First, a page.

SAFETY FIRST – 5280 Angler Guides Complete CPR & First Aid Training


CPR & First Aid - Fly Fishing Guides

“SAVING LIVES IS WHY”

On Saturday February 4th, the professional guide team of 5280 Angler completed a comprehensive CPR & First Aid course with veteran American Heart Association (AHA) instructor and fly fishing guide Neil Luehring. Though online re-certification options are available, we believe there is no substitute for hands-on instruction. As anyone knows, “stuff happens.” Although we cannot control every variable nor completely eliminate emergencies, we intend to approach a given situation with proper training and confidence.

The state of Colorado requires all professional fly fishing guides to work with a licensed, bonded, and insured outfitter, as well as to maintain up-to-date CPR & First Aid certifications. 5280 Angler® is CO licensed outfitter #2828. When booking a guided fly fishing trip in Colorado or elsewhere, it’s advisable to check first to determine whether the service you are booking has the proper licensing, permits, safety and other legal requirements. If they do not, there’s a good chance they are doing something illegal (rogue guiding).

When it comes to any emergency, prevention is the elegant solution.  As the saying goes, “An ounce of prevention is worth a pound of cure.” On that note, here are a couple safety tips to consider when heading out on your fly fishing adventures:

  • Bring a first aid kit – From minor scrapes & cuts to more severe illness or injury, a high quality first aid kit is essential.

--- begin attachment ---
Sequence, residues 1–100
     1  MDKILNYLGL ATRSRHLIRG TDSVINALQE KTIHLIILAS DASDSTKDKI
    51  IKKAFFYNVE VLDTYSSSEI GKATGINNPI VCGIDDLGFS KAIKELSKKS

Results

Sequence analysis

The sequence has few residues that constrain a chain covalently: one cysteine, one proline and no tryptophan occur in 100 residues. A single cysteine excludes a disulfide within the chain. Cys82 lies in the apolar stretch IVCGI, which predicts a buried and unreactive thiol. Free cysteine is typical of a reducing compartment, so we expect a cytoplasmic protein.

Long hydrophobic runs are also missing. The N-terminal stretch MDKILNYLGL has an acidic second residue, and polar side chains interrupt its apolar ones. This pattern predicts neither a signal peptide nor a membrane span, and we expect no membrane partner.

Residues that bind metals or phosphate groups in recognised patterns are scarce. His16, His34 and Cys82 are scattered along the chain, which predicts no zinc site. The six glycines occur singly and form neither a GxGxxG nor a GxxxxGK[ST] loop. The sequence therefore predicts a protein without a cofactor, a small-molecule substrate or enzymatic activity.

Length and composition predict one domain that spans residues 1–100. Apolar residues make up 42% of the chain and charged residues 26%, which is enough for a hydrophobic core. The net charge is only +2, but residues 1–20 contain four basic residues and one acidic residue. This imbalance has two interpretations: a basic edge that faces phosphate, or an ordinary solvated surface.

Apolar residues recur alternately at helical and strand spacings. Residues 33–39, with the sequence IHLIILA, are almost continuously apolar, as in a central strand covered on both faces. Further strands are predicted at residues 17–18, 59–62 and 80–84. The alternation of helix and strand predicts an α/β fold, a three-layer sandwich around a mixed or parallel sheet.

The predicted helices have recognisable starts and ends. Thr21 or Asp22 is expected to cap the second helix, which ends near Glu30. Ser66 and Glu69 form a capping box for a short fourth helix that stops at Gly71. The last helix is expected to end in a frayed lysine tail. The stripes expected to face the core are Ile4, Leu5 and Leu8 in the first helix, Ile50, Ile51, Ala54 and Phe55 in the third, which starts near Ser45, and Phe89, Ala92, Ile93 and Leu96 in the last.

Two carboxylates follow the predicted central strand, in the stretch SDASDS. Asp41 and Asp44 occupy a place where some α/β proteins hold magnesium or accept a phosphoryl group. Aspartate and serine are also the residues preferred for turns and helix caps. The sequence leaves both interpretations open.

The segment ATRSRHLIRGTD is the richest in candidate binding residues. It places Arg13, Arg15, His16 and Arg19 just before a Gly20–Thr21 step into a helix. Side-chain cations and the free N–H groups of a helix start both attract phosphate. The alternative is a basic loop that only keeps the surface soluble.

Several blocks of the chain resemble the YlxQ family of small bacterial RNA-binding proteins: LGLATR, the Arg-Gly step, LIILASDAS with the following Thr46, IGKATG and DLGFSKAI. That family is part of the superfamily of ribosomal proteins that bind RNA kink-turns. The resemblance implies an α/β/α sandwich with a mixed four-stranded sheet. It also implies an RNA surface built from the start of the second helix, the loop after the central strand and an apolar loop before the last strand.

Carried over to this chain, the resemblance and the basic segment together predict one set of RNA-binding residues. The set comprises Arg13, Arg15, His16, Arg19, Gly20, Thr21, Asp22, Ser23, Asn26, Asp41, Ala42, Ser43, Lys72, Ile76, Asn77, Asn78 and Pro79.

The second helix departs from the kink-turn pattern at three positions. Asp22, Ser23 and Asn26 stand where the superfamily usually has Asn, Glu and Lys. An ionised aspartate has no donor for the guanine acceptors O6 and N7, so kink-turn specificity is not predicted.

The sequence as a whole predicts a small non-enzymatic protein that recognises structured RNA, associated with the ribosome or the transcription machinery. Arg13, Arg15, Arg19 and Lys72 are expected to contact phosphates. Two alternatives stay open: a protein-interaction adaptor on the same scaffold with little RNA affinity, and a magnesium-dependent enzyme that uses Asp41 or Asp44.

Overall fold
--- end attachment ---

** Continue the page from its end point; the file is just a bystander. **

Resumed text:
• Bring any essential medications.
  • Tell someone where you are going – Cell reception doesn’t reach everywhere.
  • Layer for the weather with synthetic fabrics – Hypothermia can set in quickly.
  • Wear sunscreen – Protect against both short term and long term UV dangers.
  • Hydrate – Both before heading out and also while on the river.
  • Wear glasses – Hooks and eyes DO NOT go together – eye protection is 100% essential – and a good polarized pair will help you spot more fish too!
  • Know your limitations – This goes for both hiking at elevation and also wading swift water. No fish is worth putting your safety at risk. (sidenote: wear a wading belt)
  • Throw a whistle in your pack – There’s a much higher chance that the angler around the bend will hear a whistle than hear a yell. They are small, light, and loud when needed.

Though preventing every emergency is impossible, taking specific precautions can mitigate risk and possibly make a life-saving difference! As the AHA says, “Saving Lives is Why!

For more information on safety classes offered through the AMERICAN HEART ASSOCIATION, CLICK HERE.


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